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The Bluff of the Hawk   By:

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This etext was produced from Astounding Stories May 1932. Extensive research did not uncover any evidence that the U.S. copyright on this publication was renewed.

[Illustration: Nothing there could withstand him. ]

The Bluff of the Hawk

By Anthony Gilmore

[Sidenote: "A trick? Carse was famed for them. A trap? But how?"]

Had not old John Sewell, the historian, recognized Hawk Carse for what he was a creator of new space frontiers, pioneer of vast territories for commerce, molder of history through his long feud with the powerful Eurasian scientist, Ku Sui the adventurer would doubtless have passed into oblivion like other long forgotten spacemen. We have Sewell's industry to thank for our basic knowledge of Carse. His "Space Frontiers of the Last Century" is a thorough work and the accepted standard, but even it had of necessity to be compressed, and many meaty episodes of the Hawk's life go almost unmentioned. For instance, Sewell gives a rough synopsis of "The Affair of the Brains," but dismisses its aftermath entirely, in the following fashion (Vol. II, pp. 25O 251):

"... there was only one way out: to smash the great dome covering one end of the asteroid and so release the life sustaining air inside. Captain Carse achieved this by sending the space ship Scorpion crashing through the dome unmanned, and he, Friday and Eliot Leithgow were caught up in the out rushing flood of air and catapulted into space, free of the dome and Dr. Ku Sui. Clad as they were in the latter's self propulsive space suits, they were quite capable of reaching Jupiter's Satellite III, only some thirty thousand miles away.

"Then speeding through space, Captain Carse discovered why he had never been able to find the asteroid stronghold. He could not see it! Dr. Ku Sui had protected his lair by making it invisible! But Carse was at least confident that by breaking the dome he had destroyed all life within in, including the coordinated brains.

"So ended The Affair of the Brains.[1]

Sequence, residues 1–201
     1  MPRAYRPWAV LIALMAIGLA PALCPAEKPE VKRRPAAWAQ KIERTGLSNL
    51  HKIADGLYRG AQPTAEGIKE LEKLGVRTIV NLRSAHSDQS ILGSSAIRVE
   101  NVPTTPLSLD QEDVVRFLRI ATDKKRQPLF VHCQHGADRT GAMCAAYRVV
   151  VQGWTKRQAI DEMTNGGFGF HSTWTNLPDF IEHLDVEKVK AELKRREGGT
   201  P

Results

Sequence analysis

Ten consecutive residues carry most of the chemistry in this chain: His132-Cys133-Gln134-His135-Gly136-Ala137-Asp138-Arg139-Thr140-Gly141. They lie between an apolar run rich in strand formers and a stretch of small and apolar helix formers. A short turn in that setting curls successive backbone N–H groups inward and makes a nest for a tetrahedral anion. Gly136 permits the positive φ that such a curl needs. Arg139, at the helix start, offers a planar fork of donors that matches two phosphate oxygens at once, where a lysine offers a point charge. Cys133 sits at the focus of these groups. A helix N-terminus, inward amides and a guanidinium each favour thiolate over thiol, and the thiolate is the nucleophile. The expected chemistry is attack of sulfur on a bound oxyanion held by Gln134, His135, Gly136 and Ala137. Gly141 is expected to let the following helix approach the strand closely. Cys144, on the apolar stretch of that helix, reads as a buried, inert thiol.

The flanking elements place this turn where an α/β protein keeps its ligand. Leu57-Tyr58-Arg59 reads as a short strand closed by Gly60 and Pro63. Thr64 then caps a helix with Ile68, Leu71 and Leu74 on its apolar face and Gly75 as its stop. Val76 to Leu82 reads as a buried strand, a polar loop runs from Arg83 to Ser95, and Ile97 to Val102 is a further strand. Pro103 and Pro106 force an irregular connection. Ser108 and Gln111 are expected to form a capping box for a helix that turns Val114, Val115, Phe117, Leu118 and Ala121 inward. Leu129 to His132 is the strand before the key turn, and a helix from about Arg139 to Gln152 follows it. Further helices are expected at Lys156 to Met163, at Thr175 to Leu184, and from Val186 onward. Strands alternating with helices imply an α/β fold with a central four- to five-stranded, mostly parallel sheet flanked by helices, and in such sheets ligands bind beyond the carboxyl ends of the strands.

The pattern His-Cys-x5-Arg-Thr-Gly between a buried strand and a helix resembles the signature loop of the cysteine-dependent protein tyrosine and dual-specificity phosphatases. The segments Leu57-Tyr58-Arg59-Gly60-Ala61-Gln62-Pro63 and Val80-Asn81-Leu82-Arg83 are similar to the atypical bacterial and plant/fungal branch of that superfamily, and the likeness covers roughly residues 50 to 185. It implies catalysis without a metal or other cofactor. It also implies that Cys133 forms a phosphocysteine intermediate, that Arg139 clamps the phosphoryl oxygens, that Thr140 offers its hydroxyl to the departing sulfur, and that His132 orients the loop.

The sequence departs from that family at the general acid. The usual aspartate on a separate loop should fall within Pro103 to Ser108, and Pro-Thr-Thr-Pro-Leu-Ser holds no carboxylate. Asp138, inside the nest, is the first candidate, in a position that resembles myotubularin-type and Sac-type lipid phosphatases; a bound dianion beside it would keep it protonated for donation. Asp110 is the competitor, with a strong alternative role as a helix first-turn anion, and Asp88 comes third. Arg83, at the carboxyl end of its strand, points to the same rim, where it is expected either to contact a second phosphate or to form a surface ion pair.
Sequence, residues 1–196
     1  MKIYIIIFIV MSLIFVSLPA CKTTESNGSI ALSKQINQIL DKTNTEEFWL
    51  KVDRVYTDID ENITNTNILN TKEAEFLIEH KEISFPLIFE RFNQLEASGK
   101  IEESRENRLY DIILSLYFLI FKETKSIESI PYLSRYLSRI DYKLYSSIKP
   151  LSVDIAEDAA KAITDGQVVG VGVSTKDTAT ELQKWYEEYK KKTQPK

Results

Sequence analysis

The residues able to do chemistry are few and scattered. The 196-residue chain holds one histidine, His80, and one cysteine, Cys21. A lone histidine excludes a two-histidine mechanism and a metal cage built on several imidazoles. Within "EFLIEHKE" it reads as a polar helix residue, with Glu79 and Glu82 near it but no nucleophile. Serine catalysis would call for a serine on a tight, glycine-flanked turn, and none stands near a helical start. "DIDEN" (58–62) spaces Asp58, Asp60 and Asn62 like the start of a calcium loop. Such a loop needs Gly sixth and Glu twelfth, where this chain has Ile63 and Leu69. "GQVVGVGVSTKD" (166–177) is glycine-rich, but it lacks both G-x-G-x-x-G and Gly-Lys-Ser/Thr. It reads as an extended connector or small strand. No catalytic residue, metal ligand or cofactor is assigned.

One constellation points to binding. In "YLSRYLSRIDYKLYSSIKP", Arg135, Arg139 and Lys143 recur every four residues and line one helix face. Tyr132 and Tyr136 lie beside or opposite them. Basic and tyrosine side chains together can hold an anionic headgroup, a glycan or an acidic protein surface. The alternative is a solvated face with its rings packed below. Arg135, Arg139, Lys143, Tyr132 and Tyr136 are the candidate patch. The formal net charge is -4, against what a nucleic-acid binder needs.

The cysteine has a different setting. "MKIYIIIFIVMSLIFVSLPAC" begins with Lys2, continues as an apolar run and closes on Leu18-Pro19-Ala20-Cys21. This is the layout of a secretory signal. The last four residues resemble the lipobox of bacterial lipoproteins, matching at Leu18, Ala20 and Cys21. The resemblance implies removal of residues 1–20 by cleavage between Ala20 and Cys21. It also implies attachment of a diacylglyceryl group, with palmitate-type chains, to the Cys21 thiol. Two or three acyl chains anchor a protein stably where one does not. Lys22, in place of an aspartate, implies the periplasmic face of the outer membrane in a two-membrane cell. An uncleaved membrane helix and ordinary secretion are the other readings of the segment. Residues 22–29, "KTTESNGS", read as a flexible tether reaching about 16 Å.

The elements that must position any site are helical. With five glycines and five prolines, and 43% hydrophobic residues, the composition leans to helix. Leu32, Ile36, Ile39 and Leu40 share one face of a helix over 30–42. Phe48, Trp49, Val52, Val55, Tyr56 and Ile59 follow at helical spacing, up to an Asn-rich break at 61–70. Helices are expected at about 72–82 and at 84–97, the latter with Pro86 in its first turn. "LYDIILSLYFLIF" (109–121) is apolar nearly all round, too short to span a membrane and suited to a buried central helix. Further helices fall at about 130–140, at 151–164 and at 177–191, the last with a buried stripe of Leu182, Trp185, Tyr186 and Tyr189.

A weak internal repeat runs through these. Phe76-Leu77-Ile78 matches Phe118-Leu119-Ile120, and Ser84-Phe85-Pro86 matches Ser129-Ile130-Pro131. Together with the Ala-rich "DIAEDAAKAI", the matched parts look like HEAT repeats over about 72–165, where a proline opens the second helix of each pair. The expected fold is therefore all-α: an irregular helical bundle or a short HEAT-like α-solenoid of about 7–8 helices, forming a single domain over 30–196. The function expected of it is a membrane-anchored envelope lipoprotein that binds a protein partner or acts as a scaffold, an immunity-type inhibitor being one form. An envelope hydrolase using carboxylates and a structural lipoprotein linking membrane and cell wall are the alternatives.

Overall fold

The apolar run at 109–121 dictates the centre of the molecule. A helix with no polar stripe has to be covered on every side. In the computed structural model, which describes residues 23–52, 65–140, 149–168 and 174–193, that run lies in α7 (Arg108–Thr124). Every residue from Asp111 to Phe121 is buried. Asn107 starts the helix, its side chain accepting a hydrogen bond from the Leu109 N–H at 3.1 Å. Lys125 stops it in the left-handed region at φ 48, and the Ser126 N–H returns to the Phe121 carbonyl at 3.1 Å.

"The three comrades reached Satellite III safely, where, after a few minor adventures, Captain Carse...."

[Footnote 1: See the March, 1932, Issue of Astounding Stories.]

Sewell's ruthless surgery is most evident in that last paragraph. Of course his telescoping of the events was due to limited space; but he did wish to draw a full length, character revealing portrait of Hawk Carse, and with "... reached Satellite III safely, where, after a few minor adventures, Captain Carse ..." learned old John Sewell slid over one of his greatest opportunities.

The resourcefulness of Hawk Carse! In these "few minor adventures" he had but one weapon with which to joust against overwhelming odds on an apparently hopeless quest. This weapon was a space suit nothing more yet so brilliantly and daringly did he wield its unique advantages that he penetrated seemingly impregnable barriers and achieved alone what another man would have required the ray batteries of a space fleet to do.

But here is the story, heard first from Friday's lips and told and re told down through the years on the lonely ranches of the outlying planets, of that one dark, savage night on Satellite II and of the indomitable man who winged his lone way through it. Hawk Carse! Old adventurer! Rise from your unknown star girdled grave and live again!

Thirty thousand miles was the gap between Dr. Ku Sui's asteroid and Satellite III, the nearest haven. Thirty thousand miles in a space ship is about the time of a peaceful cigarro. Thirty thousand miles in a cramped awkward space suit grow into a nightmare journey, an eternity of suffering, and they will kill a good number of those who traverse them so... Continue reading book >>




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